"I'm personally very impressed by their work and commitment to this project," he said. "As for whether it could fit into the future of that arts scene, we don't know yet. Abu Dhabi is a land where everything is possible." Building it is certainly possible, insisted Christo, who hired elite structural specialists from Cambridge, Tokyo, Zurich and Illinois to compete over the project. The UK firm behind the Louvre Abu Dhabi, Buro Happold, submitted their bid in 2008.
Ian Liddell, the company's co-founder, said their plan involved fastening groups of steel barrels to subframes, then hauling them up the slope into position. "The roof structure can be built at a low level and hoisted up the concrete towers with strand jacks," Mr Liddell said. While Christo has financed previous works of art by selling his preparatory drawings, this one would require sponsorship.
Dr Nusseibeh suggested partnering with a foundation such as the Guggenheim. Shifting the project to Saadiyat Island would not fulfil Christo's aesthetic dream, but as long as the work could rise from open desert as intended, he said, "all possible approaches to realise The Mastaba should of course be considered." One way or another, the passing of Jeanne-Claude underscored the fact that this could be his final masterpiece.
"The man is getting old," said Gerard Couturier, the branch director of Oger International. In 2007 the Saudi engineering firm studied ways to build the sculpture which, unlike Christo's transient projects, would not be disassembled after mere weeks. The Mastaba could last centuries. "There would be only one Mastaba in the world, but those plans are sitting in a drawer somewhere. It's time to build it," Mr Couturier urged. "This could be the last statement of an artist."
Berj Aprahamian, the Armenian contractor who accompanied Christo and Jeanne-Claude to Abu Dhabi Municipality in 1980, said he hoped to see The Mastaba created within his lifetime. "I fell in love with their work," said Mr Aprahamian, who consulted on the project without pay. Now 79 and managing another local company, he dined with the artists in 2007, during their last trip scouting for possible building sites.
"They were committed to finishing it," he said. "One should never lose hope." As for Christo, losing half his creative team may have strengthened his resolve to overcome bureaucratic challenges and finish the work. "Jeanne-Claude and myself always thought this project is about harmony," he said. "It would be enriching to see this sculpture - something very visually beautiful. The only thing this project is about is beauty. We just need somebody to show enthusiasm."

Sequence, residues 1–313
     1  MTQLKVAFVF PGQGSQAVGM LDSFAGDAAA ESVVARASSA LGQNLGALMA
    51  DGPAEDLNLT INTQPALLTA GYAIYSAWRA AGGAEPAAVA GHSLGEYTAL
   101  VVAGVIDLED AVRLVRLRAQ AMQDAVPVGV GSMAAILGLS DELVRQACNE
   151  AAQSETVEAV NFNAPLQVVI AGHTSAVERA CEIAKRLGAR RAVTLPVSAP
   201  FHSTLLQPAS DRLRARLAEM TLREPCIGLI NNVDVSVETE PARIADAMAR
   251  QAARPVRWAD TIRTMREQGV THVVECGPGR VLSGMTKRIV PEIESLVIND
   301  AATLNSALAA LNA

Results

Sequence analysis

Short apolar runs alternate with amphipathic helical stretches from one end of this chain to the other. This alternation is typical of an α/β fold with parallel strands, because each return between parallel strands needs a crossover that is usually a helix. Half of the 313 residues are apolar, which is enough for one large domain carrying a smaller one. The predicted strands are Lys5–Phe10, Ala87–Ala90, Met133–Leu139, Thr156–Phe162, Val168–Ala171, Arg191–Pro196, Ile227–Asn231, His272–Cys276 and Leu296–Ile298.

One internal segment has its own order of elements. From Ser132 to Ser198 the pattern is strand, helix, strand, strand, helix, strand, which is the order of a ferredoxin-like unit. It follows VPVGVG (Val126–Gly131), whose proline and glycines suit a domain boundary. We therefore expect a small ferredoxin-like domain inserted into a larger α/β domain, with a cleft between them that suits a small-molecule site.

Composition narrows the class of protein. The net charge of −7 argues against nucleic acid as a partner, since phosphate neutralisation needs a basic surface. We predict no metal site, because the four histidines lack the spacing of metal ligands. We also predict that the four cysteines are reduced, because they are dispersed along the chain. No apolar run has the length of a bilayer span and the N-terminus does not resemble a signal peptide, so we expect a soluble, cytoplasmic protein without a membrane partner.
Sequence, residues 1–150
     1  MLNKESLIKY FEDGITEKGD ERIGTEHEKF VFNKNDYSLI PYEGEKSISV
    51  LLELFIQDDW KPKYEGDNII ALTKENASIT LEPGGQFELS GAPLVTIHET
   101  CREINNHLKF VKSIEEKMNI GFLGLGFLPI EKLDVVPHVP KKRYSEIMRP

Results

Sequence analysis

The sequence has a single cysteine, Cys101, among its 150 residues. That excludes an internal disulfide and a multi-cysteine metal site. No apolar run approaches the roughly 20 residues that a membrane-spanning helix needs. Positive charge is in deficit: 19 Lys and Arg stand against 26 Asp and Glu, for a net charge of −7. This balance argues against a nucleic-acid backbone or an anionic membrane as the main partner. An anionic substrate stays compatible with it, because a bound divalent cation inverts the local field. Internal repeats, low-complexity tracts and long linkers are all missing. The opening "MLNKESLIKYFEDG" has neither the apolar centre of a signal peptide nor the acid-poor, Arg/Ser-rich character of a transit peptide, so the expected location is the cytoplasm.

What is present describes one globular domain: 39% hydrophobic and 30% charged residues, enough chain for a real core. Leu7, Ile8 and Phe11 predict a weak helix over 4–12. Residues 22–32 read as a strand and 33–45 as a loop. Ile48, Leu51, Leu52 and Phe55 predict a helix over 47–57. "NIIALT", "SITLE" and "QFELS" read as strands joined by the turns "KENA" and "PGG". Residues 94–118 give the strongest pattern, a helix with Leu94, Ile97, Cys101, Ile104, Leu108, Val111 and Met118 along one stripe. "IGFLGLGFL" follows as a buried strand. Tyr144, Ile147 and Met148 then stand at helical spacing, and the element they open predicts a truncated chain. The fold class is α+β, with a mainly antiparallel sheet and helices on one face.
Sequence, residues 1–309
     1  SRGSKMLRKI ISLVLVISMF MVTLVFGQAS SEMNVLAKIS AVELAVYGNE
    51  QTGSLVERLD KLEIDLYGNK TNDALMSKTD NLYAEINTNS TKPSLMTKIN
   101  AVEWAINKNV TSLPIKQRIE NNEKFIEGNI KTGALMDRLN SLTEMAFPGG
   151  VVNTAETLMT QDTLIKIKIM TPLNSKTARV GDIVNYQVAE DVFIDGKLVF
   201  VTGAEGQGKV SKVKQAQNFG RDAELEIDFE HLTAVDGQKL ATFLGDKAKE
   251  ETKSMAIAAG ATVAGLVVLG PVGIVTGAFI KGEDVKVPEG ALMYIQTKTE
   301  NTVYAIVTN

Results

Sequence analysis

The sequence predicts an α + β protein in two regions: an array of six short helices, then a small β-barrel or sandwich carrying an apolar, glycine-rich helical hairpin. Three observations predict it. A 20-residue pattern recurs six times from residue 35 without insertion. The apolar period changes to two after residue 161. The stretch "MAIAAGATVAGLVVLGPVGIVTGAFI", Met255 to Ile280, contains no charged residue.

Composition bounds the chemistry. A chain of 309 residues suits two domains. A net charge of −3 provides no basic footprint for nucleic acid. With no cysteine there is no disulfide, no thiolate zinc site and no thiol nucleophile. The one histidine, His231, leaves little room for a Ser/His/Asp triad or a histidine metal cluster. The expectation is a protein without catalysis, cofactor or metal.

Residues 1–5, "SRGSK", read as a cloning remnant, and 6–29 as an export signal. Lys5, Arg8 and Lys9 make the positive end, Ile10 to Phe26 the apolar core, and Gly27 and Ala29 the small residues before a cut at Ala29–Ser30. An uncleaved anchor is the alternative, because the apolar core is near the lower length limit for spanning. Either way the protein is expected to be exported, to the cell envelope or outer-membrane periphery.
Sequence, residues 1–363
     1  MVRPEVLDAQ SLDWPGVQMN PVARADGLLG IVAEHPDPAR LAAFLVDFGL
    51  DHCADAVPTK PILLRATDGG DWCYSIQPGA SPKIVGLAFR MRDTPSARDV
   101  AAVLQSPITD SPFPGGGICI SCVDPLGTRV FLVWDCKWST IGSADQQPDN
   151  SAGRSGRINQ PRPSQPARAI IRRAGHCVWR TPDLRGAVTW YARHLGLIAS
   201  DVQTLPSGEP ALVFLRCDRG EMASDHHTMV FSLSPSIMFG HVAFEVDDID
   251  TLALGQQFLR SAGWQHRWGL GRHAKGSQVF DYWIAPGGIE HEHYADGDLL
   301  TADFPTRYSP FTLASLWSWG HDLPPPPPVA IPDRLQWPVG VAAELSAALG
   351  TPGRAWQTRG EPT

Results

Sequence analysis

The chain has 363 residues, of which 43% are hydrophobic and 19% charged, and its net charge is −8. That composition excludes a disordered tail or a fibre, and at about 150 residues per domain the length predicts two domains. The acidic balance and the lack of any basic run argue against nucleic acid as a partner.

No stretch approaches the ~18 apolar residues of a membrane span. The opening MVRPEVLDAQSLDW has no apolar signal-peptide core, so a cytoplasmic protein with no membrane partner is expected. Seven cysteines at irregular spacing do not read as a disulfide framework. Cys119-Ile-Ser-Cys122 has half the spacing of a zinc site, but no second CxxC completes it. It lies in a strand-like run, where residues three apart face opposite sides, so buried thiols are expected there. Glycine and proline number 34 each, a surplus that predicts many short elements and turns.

To the artist Christo, relocating The Mastaba from Abu Dhabi would be like uprooting a child after 33 years. "You don't just choose Abu Dhabi by pointing at a map," Christo said. "We settled on this young country, very tolerant, which produced oil and was very excited to move ahead in the Western world." After eight tours to the emirate with his late wife, Jeanne-Claude, the pair became enamoured with the emirate. Over the last 45 years, Christo and his wife completed 22 large-scale works and failed to get permission for a further 37. Among their notable successes are: Running Fence, (conceived in 1972, completed in 1976). Nearly 40kms of 5.5-metre-high white nylon curtain stretching across northern California; Surrounded Islands (1980-83). The wrapping of 11 islands in Florida with pink polypropylene fabric; The Umbrellas (1984-91). Anchoring 3,100 blue and yellow umbrellas across two valleys near Tokyo and California; Wrapped Reichstag (1971-95). More than 100,000sqm of silver propylene fabric draped over Germany's parliament; Over the River (1992-in progress). Proposed suspension of recycled, translucent fabric running 9.4kms above Colorado's portion of the Arkansas River. @Email:firstname.lastname@example.org